Buckeye Partners, L.P. (NYSE:BPL), Wal-Mart Stores (NYSE:WMT), and ExxonMobil (NYSE:XOM) could be top stocks for retirees to add to their portfolios right now, according to some top Motley Fool contributors. Each of these companies has intriguing catalysts that could help their share prices climb and their dividend payments grow, so let's take a closer look at these stocks.

A big yield that's relatively cheap

Reuben Gregg Brewer (Buckey Partners, L.P.): If you're retired and looking for income, then you need to be thinking about Buckeye Partners, L.P. Although larger pipeline companies like Enterprise Products Partners and Kinder Morgan often come to mind when looking at the midstream space, Buckeye has existed since 1886. It may be relatively small, but it's been around the business longer than either of those competitors. In other words, it's no fly by-night newcomer and deserves a place among the industry's leading names.

An onshore oil rig operating on a field next to three large dollar signs.


And it's got more impressive stats. For example, Buckeye's distribution yield is around 7%. That's higher than Enterprise's 5.8% and way more than Kinder's 2.3% yield. Moreover, Buckeye's distribution history is just as strong as Enterprise's, since both have at least 20 years of annual hikes under their belts. Note that industry giant Kinder was forced to cut its dividend not too long ago.  


EPD EV to EBITDA (TTM) data by YCharts

But wait, there's more! Not only does Buckeye offer a higher yield, but it's also cheaper. The limited partnership's enterprise value (EV) to earnings before interest, taxes, depreciation, and amortization (EBITDA) ratio is around 14 times. Kinder, with a much lower yield, is at 15 or so, and Enterprise's EV/EBITDA ratio is nearing 18.

Higher yield, relatively cheap price, and at least as strong a dividend history... now that's something worth digging into. If you're retired and looking for income, put Buckeye Partners, L.P. on your short list today.

Things aren't as bad as they seem

Demitri Kalogeropoulos (Wal-Mart): Retailing isn't a popular industry on Wall Street right now, especially at the competitive discount side of the business. The good news is that this pessimism opens the door for value investors to take advantage of e-commerce disruption fears to grab solid businesses at bargain prices.

Take Wal-Mart, which is one of just five members of the Dow that's priced at less than 15 times trailing earnings. Yes, the retailing titan's profits are weakening as it plows investments into improving its in-store shopping experience and attacking the e-commerce channel. Traffic only inched higher in the third quarter, too, and if rival Target's holiday results are any indication, that figure could slip back into negative territory when Wal-Mart posts its fourth-quarter numbers on Feb. 21.

Its operating efficiency is as impressive as ever, though. Over the past nine months, Wal-Mart's free cash flow improved by over $5 billion and passed $12 billion. The retailer's return on invested capital is nearly 15% of sales -- good enough to place it in the top third of all Dow components.

Over the coming decade, senior citizens should benefit from the company's unusually low dividend-payout ratio. At less than 50%, it provides plenty of room for market-beating annual increases on what's already one of the Dow's most generous income stocks.

Another opportunity to buy big oil

Todd Campbell (ExxonMobil): If you don't own ExxonMobil yet, a recent sell-off in its shares is giving you another opportunity to buy. This dividend-paying company is an energy Goliath, and as global economic expansion drives revenue higher in the coming decades, you can bet that more of ExxonMobil's profit will be returned to shareholders in the form of a bigger dividend payout.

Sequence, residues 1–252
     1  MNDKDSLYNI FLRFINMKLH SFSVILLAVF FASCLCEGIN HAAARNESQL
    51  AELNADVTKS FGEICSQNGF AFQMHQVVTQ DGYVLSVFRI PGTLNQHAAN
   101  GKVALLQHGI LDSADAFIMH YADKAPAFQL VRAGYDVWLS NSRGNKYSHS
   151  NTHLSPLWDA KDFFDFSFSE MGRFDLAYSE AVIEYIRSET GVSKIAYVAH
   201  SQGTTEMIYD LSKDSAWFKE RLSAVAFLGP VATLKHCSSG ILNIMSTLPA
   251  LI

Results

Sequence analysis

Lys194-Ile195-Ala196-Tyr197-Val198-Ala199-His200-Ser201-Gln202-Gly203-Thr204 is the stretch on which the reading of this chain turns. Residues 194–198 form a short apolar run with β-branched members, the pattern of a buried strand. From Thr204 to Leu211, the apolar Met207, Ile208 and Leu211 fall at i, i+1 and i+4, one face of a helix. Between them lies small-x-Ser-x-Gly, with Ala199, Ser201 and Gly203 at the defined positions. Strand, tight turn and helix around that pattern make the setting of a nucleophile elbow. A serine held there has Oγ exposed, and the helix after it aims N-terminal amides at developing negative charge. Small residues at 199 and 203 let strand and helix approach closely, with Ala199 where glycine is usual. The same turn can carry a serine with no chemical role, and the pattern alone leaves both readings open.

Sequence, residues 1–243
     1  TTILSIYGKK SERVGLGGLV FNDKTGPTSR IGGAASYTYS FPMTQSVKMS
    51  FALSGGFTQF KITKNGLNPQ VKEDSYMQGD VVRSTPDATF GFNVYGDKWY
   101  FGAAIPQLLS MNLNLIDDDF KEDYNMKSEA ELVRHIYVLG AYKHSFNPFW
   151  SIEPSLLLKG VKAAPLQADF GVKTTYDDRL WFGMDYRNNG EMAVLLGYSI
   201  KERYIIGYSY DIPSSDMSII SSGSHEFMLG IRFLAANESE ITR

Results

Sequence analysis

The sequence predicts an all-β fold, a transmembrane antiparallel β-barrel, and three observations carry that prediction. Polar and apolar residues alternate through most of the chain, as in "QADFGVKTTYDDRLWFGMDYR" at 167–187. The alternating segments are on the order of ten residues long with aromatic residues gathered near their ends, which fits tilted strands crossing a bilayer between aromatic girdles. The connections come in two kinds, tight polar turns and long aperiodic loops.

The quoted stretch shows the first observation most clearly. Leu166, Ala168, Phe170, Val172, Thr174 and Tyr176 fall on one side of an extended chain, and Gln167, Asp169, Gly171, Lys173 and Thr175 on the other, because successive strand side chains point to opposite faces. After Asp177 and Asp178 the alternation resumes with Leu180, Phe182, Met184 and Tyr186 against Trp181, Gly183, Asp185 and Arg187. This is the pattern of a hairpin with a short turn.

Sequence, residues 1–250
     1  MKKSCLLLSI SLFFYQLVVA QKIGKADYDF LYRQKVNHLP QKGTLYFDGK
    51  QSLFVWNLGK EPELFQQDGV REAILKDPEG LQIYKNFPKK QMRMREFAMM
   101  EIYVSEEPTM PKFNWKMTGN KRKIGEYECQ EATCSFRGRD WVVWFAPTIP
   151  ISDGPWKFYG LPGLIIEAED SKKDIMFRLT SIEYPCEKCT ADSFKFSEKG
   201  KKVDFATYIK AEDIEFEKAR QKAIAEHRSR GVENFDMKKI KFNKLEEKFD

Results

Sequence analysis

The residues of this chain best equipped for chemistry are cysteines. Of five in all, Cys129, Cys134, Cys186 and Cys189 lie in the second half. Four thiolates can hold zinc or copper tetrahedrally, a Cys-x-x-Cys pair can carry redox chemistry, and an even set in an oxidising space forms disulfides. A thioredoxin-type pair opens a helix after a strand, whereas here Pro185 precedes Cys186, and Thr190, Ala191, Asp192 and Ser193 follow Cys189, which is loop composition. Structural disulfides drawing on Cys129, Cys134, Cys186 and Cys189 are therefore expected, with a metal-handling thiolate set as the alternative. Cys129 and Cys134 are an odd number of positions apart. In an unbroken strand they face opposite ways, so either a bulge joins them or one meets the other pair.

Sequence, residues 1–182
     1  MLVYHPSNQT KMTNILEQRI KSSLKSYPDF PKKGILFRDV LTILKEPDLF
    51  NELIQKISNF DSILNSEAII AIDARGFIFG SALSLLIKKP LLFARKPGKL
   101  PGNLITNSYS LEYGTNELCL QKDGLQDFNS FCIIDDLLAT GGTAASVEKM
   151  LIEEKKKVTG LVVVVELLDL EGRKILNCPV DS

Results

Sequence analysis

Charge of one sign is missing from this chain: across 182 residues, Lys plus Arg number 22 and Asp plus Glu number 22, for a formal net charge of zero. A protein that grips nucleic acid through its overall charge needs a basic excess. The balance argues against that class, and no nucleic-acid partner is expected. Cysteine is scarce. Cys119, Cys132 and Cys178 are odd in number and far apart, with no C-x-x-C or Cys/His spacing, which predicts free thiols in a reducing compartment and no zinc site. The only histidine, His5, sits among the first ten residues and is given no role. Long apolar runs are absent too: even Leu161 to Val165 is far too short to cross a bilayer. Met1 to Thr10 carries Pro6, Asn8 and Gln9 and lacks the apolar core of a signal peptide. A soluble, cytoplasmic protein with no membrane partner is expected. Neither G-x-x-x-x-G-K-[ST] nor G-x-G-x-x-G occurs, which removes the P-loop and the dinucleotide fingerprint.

ExxonMobil's got its fingers in all aspects of finding, extracting, and marketing oil and gas. As a result, the company's stock price depends heavily upon the spot prices of those commodities.

Unfortunately, oil and gas prices have fallen from their post-recession peak, and that's weighed down sales and profits. But U.S. economic growth and a drastic reduction in U.S. drilling activity last year is starting to boost spot prices, and since the company will be comparing this year's sales to weak quarters in 2016, year-over-year sales and profit growth should improve, potentially boosting ExxonMobil's share price.

In the past year, West Texas crude oil prices have climbed from around $30 per barrel to more than $50, and ExxonMobil plans to capitalize on that by increasing its capital expenditure budget. Recently, it acquired significant acreage in the Permian basin, an area for development that has historically been less costly to develop than others. Management estimates that wells in the Permian basin can yield a 10% rate of return at $40 per-barrel oil prices.

Although ExxonMobil's net income is way off peak, the company has remained profitable, with $8.9 billion in trailing 12-month net income. Assuming that commodity prices don't retreat to new lows, and spending programs boost production, shareholders should expect ExxonMobil to build upon its solid history of dividend increases. (The company's increased its dividend for over 30 consecutive years.)

ExxonMobil's recent share price sell-off and the fact that its shares are yielding a solid 3.6% make this is a top dividend stock to buy.

This article represents the opinion of the writer, who may disagree with the “official” recommendation position of a Motley Fool premium advisory service. We’re motley! Questioning an investing thesis -- even one of our own -- helps us all think critically about investing and make decisions that help us become smarter, happier, and richer.